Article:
• Alcohol is a lot more dangerous and addictive than marijuana and the reasons it’s legal and socially acceptable are racist and classist and are not based in reality.

  • Tumblr and Instagram should do more (that is, literally anything) to fight pro-eating-disorder content on their platforms.

  • No one should feed me food with tomatoes in it, ever, ever, ever! (And I don’t want to hear about how I haven’t had a “real, good” tomato - those ones taste worse because they taste more like tomatoes!)

I'm married, and was dating someone else - I ended things with him, but now I'm pregnant with his baby

My husband & I have been together for 7 years & last year I let him know that I was interested in trying out polyamory. I started a long distance relationship with another man who was also poly & checked in with my husband before any new decisions were made. Over months my partner decided he wanted to try committing to just me & broke up with his primary. He couldn't commit fully though, there were lies & cheating so I ended it. Then found out I am pregnant with his baby. Any advice?

Everything gets much more high-stakes when there is a pregnancy involved. The first thing you need to do is figure out what you want to do about the pregnancy. I recommend visiting with your doctor or heading to a Planned Parenthood to talk about your options, what you need to do to take care of your health, etc.

You also need to talk to your husband about what he wants to do. Some people, like me, are strongly of the belief that genetics do not a family make, so it could be that he is excited and wants to raise the child - or he could feel more ambivalent. It is unfair to bring a child into a situation where one of the people responsible for co-parenting is struggling with the facts of the child’s existence, so this is critical to work out if you plan to have and parent the baby. You should also talk to the father of the baby, even though you two are no longer together - there are various ways this co-parenting relationship could go, and you need to figure out what’s best for everyone involved. Consider seeing a therapist who specializes in co-parenting and “unconventionall” families.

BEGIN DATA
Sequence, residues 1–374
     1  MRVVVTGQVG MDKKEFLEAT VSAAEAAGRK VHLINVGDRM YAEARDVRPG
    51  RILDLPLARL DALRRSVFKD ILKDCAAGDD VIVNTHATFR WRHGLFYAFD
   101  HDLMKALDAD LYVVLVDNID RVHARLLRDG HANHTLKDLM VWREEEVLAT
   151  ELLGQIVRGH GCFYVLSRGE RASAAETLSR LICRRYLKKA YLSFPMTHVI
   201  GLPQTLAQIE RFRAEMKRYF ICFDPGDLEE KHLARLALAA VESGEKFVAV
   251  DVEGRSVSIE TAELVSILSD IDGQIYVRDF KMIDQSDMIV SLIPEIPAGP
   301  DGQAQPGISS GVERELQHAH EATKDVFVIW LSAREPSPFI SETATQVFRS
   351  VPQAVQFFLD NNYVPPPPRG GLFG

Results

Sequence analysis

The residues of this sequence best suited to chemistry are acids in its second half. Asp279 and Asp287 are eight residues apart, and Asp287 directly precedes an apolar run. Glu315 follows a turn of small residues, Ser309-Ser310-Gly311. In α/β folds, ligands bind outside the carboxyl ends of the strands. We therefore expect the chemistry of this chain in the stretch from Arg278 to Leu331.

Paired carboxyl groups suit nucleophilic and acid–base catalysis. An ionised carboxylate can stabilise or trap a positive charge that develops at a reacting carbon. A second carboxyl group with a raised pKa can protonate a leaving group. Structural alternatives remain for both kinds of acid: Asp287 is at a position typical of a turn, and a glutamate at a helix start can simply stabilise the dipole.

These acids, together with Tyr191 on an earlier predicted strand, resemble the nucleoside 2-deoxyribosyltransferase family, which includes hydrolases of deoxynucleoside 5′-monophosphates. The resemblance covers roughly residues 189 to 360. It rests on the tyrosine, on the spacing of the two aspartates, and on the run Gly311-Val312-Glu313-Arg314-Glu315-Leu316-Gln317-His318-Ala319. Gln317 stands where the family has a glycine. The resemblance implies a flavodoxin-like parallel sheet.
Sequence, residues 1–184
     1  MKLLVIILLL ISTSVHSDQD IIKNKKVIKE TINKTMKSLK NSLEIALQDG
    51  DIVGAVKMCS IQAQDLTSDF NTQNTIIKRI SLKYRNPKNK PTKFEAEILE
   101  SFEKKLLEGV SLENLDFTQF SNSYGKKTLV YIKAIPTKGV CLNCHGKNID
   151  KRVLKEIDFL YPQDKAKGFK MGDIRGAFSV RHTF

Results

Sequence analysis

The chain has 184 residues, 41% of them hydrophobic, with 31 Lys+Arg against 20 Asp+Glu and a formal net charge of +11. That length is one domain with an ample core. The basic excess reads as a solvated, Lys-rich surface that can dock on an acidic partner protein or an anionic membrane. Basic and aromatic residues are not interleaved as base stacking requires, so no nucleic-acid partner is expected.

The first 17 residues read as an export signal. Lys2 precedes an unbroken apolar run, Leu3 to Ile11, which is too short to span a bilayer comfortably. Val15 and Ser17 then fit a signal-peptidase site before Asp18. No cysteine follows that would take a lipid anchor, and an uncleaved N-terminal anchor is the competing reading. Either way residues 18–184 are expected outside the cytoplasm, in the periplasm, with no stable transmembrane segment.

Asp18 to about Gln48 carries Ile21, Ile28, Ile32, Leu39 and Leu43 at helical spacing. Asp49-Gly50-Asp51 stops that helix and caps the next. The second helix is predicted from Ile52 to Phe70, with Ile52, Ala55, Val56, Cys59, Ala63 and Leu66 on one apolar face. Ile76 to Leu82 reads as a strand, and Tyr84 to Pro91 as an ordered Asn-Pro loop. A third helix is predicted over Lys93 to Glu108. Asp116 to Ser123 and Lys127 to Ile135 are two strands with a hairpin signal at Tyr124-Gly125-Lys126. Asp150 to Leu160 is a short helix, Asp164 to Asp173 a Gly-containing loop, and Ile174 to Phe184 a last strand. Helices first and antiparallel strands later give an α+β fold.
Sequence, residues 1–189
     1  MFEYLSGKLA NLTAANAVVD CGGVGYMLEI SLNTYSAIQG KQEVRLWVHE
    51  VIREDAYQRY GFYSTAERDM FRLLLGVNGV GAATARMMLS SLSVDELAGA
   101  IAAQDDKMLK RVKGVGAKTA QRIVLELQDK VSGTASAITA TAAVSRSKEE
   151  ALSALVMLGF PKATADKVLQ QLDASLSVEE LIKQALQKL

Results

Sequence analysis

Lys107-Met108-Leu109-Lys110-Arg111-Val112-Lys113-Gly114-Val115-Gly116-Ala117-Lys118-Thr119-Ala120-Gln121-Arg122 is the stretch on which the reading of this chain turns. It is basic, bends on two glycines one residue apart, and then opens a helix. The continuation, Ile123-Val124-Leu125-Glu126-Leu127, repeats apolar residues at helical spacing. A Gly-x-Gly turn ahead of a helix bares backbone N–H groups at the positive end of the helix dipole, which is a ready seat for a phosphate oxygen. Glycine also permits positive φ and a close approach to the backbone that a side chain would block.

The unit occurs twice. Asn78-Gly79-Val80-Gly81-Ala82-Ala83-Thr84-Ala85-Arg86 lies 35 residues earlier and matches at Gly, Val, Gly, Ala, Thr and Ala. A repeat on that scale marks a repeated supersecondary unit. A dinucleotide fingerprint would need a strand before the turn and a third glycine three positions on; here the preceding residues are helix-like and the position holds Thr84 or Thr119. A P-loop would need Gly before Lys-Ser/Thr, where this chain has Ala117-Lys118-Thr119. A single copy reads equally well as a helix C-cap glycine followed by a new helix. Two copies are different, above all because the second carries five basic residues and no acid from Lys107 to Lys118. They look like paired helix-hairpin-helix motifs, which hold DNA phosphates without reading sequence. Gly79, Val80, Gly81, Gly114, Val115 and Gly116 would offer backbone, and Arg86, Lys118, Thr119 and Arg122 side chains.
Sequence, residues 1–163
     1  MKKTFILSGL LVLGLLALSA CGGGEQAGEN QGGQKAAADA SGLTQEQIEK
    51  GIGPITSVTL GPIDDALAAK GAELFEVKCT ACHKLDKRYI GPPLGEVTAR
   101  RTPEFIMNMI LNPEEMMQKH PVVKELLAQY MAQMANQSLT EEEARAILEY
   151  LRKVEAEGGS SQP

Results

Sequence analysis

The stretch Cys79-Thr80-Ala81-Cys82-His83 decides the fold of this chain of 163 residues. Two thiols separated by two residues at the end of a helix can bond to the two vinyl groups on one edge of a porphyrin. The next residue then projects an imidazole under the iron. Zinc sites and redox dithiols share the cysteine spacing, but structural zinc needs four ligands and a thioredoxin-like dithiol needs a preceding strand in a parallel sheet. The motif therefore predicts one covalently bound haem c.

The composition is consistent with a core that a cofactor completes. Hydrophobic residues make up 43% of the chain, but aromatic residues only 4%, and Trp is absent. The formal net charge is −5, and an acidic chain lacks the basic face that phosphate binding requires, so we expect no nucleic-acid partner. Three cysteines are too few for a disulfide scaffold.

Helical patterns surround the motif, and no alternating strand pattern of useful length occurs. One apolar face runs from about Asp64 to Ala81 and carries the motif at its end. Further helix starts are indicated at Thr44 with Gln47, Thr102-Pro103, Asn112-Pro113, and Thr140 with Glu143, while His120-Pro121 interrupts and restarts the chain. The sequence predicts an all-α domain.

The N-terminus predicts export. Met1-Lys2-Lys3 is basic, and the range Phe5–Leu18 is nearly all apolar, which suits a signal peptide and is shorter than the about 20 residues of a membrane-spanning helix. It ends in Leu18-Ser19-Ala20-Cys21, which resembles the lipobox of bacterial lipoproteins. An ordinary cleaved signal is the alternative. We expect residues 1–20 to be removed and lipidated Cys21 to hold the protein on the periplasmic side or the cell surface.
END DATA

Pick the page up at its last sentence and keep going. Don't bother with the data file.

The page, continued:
I have no idea what your values and preferences are around pregnancy and abortion, but know that you do have options, and that they are your choices. There are two other people involved who are likely going to have strong feelings about the pregnancy, and they are entitled to those strong feelings, and it is healthy for you to consider and discuss them - but, ultimately, it’s your pregnancy. If someone wants you to abort, and you don’t want to, they cannot force you, and you should take distance from anyone pressuring you. If someone wants you to keep the baby, and you want to abort, that is your call.